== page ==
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Heart Reach Neighborhood Ministries student interviewed by Youngstown reporter about his entrepreneurial pitch

Students who participated in YEP programs this summer said they liked the program because: “it gave me confidence,” “help prepare for the future,” “I get to make my own idea,” “it was interesting,“ and “I liked talking with the judges.”

Program partners, funders, schools and their business advisory councils, and others can serve as student mentors, host field trips, guest speakers, pitch contest judges or donate pitch contest prizes.

The Young Entrepreneur Institute, in partnership with the Ohio Afterschool Network, is hosting a free 75-minute training on Tuesday, September 10th, 10:15a – 11:30a at the SE Ohio Hub meeting at the Athens Public Library. Register on the Ohio Afterschool Network website. The Hub meeting with continue after the training with information sharing and training until 2:00 pm.

Several 30-minute webinars are scheduled for August and September to introduce educators and others who work with youth to the YEP curriculum.  Registration is online.

For more information, contact Liz Nusken at liz@oanohio.org.

 

 

 

 

 

 

 

 

 

21st CCLC’s ESLAsC Program Earns National Recognition

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Congratulations are in order, as Columbus State’s ESLAsC (English as a Second Language After School Community, a 21st CCLC program) was recognized this month for high quality, equitable summer programming! The honor was announced by the National Summer Learning Association. ESLAsC’s Reads Across National Parks was one of only four programs in the nation to earn the New York Life Foundation Excellence in Summer Learning Award.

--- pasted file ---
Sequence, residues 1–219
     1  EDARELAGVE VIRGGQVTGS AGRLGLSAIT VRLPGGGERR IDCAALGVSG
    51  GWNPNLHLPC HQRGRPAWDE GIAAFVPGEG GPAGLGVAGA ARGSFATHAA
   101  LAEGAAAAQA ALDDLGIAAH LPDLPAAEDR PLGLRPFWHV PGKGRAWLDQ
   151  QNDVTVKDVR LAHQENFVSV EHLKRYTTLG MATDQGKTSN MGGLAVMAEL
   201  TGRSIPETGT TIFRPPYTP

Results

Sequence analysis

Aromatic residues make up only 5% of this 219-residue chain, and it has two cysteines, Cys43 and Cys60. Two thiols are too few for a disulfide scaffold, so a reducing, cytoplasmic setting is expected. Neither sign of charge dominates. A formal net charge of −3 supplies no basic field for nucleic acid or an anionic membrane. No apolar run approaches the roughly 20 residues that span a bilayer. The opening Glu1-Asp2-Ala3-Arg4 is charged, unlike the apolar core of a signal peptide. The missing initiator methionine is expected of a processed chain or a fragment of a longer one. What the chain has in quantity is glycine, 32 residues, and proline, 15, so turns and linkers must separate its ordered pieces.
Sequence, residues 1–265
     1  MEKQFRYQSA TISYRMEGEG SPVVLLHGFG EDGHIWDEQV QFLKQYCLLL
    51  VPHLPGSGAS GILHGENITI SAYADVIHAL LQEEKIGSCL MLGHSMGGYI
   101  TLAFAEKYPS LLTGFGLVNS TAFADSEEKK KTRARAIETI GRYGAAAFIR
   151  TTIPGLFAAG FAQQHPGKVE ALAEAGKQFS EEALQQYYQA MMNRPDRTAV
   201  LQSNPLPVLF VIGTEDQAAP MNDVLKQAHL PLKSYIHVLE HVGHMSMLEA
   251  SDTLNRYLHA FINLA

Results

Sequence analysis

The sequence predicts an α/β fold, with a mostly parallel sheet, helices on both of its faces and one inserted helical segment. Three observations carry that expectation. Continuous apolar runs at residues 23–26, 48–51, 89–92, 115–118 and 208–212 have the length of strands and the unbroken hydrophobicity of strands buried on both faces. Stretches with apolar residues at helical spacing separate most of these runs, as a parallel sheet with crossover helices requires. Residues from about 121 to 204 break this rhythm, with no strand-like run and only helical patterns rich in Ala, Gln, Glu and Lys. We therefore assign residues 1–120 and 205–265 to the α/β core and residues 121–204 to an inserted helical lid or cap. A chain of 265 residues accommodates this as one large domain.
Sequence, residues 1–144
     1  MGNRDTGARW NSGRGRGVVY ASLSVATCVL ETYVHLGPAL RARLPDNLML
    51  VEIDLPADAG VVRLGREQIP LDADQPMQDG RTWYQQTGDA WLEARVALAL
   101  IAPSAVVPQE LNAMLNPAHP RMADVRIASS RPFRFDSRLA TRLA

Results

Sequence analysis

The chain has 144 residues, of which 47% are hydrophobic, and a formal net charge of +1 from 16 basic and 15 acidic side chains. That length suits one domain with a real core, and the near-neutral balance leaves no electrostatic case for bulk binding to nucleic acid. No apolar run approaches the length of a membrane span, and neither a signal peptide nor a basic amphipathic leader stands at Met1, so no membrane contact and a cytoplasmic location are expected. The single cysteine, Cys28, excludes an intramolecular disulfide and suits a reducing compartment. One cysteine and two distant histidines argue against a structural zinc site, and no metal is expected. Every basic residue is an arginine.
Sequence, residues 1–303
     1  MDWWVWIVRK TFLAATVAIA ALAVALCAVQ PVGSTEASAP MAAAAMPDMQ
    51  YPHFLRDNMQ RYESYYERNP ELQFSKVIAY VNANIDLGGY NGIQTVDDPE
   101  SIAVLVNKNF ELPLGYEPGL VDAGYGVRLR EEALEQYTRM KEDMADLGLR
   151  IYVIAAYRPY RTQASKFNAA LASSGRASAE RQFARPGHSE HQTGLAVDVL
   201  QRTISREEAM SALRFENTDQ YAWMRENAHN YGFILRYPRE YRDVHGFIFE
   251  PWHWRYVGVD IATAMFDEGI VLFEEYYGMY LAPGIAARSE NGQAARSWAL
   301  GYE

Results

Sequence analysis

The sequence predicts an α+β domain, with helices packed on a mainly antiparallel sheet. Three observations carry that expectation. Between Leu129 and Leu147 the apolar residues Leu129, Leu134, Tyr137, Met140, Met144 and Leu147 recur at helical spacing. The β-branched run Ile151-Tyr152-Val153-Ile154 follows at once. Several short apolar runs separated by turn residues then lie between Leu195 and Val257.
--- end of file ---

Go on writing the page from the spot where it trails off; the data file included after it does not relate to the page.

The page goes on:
Out of nearly 250 applicants, the four winning programs meet the rigorous criteria for this national recognition. That criteria includes helping students cement skills learned during the school year and demonstrating effective family engagement strategies. The criteria also examines programs that provide inclusive and innovative programming to serve the diverse needs of children and their families. Each program receives $10,000 from the New York Life Foundation and Lands’ End. They’ll be recognized in a ceremony in Atlanta.

Columbus State’s Reads Across National Parks helps children see their future potential and is a testament to the possibility of effective summer programming when a community and its schools band together. You can read more about it, and the other three programs recognized nationally, at this link. 

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Photo: Students in the ESLAsC program at Prairie Norton Elementary School in June 2018

Please view the official press release HERE!

 

 

ServeOhio Update: Make a Difference Day of Service

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Make a Difference Day of Service 

October 26, 2019

On October 26th, volunteers from across the country will unite for Make A Difference Day, one of the largest annual single-days of service nationwide. Since 1992, volunteers and communities have come together on Make A Difference Day with a single purpose: to improve the lives of others
Project grants available!
ServeOhio, along with its partners AEP Foundation and the Corporation for National and Community Service, announce the availability of grants to support community service projects organized for Make A Difference Day on Saturday, October 26, 2019. Grant awards will range between $500 to $2,000.
How can the funding be used?